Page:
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Review: The Girl on the Train at Liverpool Playhouse ***1/2

You wait for one railway-set mystery to arrive and then two turn up at Merseyside theatres in quick succession.

Hot on the heels – or perhaps that should be tracks – of Bill Kenwright’s The Lady Vanishes, we now have another vanishing woman in The Girl on the Train, and another female protagonist busy being persuaded she is not just mistaken but mad.

But instead of a convoluted plot involving plucky heiresses, dastardly Nazis and a pair of cricket bores, this stage adaptation of Paula Hawkins’ publishing phenomenon is a much grittier and grubbier affair.

Samantha Womack is Rachel, the lank-haired, barely-functioning alcoholic – the titular girl on the train – whose obsession with a seemingly perfect couple she glimpses from the window of her commuter service leads her to become embroiled in the woman’s subsequent disappearance.

Where is Megan Hipwell (Kirsty Oswald)? Has some terrible fate befallen her? And if so, who is responsible?

Given that Hawkins has sold more than 15 million copies of her psychological thriller, and it was turned in to a film that grossed $173m at the box office, there are plenty of people out there who already know whodunit.

But the production succeeds in creating a troubling, palpable sense of tension and suspense right to the final denouement. Even if that does become ridiculously melodramatic.

Oliver Farnworth (Scott Hipwell) and Samantha Womack as Rachel. Photos by Manuel Harlan

The adaptation takes the book’s multiple first-person narration and tweaks it in to a more workable theatrical structure that happily avoids anyone actively breaking the fourth wall.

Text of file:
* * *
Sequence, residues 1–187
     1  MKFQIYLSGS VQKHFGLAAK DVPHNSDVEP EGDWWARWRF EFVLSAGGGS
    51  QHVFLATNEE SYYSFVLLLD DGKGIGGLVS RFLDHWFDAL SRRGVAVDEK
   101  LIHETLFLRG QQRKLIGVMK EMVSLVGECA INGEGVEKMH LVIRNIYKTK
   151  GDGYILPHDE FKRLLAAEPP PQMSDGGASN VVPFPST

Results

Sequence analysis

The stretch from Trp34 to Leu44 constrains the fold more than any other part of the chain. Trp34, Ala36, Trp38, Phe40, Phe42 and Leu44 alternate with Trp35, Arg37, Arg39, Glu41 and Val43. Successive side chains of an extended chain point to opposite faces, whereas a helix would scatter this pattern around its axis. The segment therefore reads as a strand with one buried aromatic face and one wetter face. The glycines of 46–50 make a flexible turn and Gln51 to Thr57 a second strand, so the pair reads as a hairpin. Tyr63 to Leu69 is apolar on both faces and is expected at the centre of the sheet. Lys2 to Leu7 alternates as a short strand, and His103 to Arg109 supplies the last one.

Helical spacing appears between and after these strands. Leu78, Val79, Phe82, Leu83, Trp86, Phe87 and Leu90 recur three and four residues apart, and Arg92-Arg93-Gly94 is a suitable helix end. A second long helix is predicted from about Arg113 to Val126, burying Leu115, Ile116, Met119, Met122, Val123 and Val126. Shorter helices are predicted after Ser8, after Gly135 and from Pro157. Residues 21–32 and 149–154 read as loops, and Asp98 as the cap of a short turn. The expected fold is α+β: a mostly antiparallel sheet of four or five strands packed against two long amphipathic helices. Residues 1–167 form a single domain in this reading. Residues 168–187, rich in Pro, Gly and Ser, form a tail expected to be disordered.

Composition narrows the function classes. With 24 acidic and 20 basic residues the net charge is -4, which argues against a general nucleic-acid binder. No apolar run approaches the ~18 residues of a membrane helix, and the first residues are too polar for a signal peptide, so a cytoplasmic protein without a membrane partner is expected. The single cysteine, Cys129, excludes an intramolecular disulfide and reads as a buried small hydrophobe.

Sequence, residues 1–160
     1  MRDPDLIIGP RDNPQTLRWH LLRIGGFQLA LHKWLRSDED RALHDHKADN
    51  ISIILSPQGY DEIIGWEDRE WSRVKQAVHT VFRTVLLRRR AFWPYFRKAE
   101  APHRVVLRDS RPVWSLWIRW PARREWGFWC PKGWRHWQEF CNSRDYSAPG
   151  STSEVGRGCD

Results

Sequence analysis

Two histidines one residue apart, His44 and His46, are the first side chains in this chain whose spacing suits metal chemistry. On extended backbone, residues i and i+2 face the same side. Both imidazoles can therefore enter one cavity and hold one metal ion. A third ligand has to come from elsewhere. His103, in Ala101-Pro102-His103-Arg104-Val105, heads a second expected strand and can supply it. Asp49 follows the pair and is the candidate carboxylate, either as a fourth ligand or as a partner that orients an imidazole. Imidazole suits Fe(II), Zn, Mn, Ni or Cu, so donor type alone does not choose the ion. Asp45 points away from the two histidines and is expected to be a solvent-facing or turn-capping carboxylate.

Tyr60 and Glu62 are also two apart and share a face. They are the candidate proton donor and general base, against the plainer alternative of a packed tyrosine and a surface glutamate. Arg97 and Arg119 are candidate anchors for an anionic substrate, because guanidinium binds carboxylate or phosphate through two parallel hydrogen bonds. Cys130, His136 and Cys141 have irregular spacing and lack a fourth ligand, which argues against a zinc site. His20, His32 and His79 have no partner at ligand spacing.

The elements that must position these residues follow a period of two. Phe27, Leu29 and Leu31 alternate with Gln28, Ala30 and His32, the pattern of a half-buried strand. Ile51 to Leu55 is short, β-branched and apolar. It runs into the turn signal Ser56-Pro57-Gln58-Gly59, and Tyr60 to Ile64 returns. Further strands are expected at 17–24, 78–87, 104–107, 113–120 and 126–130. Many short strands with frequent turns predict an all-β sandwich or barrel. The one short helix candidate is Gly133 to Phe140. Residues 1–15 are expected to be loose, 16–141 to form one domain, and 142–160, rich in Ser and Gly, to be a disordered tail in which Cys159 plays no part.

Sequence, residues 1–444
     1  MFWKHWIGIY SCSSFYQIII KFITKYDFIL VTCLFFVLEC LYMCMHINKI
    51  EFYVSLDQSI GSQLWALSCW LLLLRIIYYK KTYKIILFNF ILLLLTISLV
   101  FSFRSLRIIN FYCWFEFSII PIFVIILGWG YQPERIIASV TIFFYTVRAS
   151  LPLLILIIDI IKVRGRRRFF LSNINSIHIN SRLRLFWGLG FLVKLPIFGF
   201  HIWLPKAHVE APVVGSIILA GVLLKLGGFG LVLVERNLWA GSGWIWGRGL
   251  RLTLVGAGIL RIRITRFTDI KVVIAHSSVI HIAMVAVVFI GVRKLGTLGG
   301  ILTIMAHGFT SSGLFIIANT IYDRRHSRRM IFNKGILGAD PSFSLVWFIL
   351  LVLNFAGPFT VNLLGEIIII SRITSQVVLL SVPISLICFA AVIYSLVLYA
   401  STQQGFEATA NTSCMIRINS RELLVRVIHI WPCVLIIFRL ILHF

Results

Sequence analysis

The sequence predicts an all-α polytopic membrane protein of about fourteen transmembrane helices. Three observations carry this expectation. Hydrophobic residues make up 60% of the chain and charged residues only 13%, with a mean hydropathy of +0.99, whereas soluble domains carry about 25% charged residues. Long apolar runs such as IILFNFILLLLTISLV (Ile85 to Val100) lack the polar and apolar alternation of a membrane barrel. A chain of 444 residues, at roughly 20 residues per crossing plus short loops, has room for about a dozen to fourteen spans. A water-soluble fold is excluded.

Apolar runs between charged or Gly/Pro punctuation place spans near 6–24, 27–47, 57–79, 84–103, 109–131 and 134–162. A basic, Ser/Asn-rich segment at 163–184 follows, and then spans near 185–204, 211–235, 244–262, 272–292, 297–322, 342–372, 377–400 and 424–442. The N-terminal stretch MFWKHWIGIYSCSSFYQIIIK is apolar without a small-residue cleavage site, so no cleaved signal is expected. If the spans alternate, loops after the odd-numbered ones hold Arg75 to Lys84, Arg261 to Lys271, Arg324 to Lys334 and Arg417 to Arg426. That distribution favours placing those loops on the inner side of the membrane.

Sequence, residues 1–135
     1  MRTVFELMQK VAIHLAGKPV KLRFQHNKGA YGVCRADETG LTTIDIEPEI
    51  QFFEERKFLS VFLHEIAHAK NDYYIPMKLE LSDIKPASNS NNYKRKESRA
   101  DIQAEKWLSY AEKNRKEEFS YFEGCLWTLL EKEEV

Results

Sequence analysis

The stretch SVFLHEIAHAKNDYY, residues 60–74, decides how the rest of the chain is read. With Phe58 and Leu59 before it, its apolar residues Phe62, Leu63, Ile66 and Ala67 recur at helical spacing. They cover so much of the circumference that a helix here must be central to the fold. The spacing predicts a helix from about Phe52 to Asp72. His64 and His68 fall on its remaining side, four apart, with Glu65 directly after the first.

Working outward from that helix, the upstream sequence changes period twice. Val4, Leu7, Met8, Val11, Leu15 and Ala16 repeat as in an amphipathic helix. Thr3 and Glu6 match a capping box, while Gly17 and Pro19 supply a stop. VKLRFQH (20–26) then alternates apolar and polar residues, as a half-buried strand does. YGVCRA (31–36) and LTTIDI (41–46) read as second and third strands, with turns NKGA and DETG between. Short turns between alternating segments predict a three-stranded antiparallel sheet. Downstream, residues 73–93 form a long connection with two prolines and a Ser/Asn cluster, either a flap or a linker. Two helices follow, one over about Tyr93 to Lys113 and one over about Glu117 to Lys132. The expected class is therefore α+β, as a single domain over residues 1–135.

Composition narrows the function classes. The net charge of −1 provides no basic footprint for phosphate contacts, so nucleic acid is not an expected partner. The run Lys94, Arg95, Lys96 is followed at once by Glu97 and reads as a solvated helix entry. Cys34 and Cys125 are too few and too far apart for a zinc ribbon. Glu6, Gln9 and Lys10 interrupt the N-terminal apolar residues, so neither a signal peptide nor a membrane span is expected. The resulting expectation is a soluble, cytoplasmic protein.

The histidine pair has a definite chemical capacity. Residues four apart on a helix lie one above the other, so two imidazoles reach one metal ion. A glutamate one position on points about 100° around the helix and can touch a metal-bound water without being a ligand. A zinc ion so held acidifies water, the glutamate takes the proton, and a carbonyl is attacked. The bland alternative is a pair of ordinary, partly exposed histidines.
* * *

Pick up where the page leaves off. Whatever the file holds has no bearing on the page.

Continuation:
There’s a distinct whiff of Doctor Foster about Hawkins booze-supping spurned wife (Womack), oily ex-husband (the chisel-jawed Adam Jackson-Smith) and new younger trophy wife (Lowenna Melrose) and baby.

Womack impresses as the desperate and isolated Rachel, although while she and Oswald share the bulk of the story’s dramatic narrative some of the other characters remain rather two-dimensional.

But in the midst of the general gloom there’s a particularly enjoyable turn from John Dougall as the wry and laconic Scottish detective investigating the case.

There’s also a nifty multimedia representation of the commuter train, rattling relentlessly through suburbia, although most of the action actually unfolds in the static surrounding of homes, from Rachel’s dismal flat to the soft furnishings and swanky kitchens of the life she lost. If only someone could give the backcloth a good iron.

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